Fundamentals are important to every successful endeavor, and in preparing, formulating and filing an effective Federal Disability Retirement application, to be submitted to the U.S. Office of Personnel Management, whether the Federal employee or U.S. Postal Worker is under FERS, CSRS or CSRS Offset, it is the “fundamentals” which must never be overlooked, but rather, to be focused upon, tweaked, considered carefully and crafted with greater perfection.

Unfortunately, many people who prepare a Federal Disability Retirement application, to be submitted to OPM, believe (erroneously) that the mere fact that one has a “serious” medical condition is enough to satisfy the eligibility criteria for an approval from OPM.  Always remember that there is a vast difference, with a “real” distinction, between “having” a medical condition and “proving” that the medical condition one has prevents the Federal or Postal worker from performing one or more of the essential elements of one’s Federal or Postal job.

It is very easy to focus upon one’s pain, anguish and despair in dealing with a medical condition, and forget that an effective Federal Disability Retirement application, to be submitted to the U.S. Office of Personnel Management, is by necessity a “paper presentation” to an unknown, faceless person lost within a vast bureaucracy in Boyers, Pennsylvania, and in the process to neglect the “fundamentals” in preparing an effective OPM Disability Retirement application.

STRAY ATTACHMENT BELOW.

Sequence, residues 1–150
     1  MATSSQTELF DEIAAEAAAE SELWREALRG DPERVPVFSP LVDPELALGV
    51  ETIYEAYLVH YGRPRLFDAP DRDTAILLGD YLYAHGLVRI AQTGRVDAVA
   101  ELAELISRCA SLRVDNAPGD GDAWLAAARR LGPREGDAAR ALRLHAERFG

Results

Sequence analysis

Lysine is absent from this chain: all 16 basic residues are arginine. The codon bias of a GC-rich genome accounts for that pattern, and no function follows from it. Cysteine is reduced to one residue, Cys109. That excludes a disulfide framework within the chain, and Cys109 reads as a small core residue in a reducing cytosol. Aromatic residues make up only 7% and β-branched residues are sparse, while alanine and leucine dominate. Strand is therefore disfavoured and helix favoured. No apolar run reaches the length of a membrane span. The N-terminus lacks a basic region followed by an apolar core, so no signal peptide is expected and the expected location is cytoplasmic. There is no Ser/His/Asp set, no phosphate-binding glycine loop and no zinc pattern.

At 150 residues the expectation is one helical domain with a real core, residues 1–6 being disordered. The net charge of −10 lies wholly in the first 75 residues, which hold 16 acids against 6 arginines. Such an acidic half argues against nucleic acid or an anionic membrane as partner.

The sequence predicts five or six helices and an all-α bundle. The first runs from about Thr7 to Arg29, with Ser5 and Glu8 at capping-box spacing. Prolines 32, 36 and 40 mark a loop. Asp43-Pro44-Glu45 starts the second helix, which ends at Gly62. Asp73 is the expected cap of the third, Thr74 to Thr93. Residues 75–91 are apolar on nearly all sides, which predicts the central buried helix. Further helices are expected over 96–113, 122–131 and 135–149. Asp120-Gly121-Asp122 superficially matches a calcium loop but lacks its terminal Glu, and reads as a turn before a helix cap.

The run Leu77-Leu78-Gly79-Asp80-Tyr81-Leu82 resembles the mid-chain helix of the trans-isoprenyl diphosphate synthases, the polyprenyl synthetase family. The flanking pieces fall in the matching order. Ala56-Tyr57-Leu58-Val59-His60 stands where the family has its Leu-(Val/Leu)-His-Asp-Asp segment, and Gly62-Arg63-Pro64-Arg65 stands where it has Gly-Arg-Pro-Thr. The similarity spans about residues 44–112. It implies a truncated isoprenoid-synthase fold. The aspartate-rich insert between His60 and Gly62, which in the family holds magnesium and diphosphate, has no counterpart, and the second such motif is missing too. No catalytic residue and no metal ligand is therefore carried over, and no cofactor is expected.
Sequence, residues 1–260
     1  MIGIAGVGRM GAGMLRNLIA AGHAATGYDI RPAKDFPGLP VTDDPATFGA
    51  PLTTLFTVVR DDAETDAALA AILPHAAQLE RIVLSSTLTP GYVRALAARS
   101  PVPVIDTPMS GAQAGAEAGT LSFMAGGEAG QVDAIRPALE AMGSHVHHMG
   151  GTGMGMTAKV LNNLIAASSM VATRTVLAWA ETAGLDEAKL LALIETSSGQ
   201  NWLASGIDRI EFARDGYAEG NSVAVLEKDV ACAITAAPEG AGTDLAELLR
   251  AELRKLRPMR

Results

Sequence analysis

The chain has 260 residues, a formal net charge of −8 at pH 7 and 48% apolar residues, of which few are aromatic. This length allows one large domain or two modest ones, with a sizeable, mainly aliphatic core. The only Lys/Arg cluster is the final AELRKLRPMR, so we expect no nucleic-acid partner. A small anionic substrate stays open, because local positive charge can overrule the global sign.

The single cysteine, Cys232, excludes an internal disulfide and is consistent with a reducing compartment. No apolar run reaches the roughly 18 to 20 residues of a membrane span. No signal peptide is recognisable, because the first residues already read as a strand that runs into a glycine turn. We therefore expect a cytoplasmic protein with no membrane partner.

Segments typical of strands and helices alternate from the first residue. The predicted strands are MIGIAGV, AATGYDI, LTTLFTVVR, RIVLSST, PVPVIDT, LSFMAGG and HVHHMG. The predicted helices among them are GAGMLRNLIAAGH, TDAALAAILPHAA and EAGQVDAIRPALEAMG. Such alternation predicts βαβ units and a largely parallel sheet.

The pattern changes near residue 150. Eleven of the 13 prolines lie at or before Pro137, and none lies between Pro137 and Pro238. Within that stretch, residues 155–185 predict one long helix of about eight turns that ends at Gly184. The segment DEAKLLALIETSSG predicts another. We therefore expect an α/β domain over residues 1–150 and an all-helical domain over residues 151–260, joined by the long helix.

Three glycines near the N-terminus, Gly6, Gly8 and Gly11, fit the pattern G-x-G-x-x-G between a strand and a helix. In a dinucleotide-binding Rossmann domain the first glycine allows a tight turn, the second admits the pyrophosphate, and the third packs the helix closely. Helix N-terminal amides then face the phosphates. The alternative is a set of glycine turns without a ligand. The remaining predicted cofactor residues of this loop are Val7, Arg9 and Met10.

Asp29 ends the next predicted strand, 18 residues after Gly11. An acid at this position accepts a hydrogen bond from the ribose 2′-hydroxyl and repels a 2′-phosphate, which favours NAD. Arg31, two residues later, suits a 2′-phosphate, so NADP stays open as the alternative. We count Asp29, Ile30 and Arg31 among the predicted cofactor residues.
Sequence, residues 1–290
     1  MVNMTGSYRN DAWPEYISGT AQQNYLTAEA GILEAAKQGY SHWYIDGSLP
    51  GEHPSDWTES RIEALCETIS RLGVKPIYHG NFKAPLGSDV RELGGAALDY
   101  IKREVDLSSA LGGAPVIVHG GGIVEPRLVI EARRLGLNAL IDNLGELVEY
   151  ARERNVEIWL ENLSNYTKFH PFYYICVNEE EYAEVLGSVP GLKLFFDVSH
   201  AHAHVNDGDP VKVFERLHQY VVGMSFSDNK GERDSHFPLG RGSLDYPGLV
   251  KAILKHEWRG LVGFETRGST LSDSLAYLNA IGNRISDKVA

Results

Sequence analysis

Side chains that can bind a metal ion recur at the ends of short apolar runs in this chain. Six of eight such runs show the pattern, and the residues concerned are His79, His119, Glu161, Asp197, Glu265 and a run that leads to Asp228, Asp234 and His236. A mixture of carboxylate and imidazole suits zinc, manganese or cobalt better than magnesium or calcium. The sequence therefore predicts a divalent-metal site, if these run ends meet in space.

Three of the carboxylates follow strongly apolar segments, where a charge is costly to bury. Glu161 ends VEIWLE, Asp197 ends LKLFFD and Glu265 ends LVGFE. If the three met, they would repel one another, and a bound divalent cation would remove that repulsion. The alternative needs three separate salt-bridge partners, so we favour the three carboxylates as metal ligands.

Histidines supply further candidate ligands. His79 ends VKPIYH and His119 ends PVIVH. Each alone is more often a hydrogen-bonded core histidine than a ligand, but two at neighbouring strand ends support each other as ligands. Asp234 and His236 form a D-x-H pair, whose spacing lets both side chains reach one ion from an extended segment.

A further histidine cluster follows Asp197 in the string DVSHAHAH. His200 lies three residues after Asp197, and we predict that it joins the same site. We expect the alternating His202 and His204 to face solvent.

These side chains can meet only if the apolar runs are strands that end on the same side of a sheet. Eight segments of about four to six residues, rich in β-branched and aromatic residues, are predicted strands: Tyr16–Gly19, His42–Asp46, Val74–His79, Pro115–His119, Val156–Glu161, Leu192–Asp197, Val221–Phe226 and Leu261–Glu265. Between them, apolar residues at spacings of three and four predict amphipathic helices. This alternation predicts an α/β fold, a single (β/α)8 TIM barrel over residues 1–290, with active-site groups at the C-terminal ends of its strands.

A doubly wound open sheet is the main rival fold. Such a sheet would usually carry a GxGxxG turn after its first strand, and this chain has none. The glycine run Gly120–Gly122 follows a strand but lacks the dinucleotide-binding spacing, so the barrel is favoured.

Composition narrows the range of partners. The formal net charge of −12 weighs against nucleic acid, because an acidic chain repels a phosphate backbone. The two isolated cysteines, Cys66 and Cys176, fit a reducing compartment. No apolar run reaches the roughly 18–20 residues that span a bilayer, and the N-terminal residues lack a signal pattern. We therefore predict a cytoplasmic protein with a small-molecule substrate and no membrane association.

When the fundamentals are sound, the rest of it is sound; and though such “sayings” may often be thrown about without much thought put into it, it is the soundness of the fundamentals that will prove to be the effective application that gets a First-Stage approval in preparing, formulating and filing a Federal Disability Retirement application.

Sincerely,

Robert R. McGill, Esquire

 

Medical Retirement for Federal Workers: Higher and lesser standards

Does anyone ever go into something, engage an activity, begin a project or initiate a hobby thinking that a “lesser standard” would be acceptable?  Or, is the “higher standard” always the option preferred? — and if we fall somewhat short of the goal intended, isn’t it better to strive towards that height of vaunted “unreachable-ness” like the lesser angels who try and climb up the ladder to heaven but fall short because of the misgivings of sins committed or blemishes of imperfections left unchanged?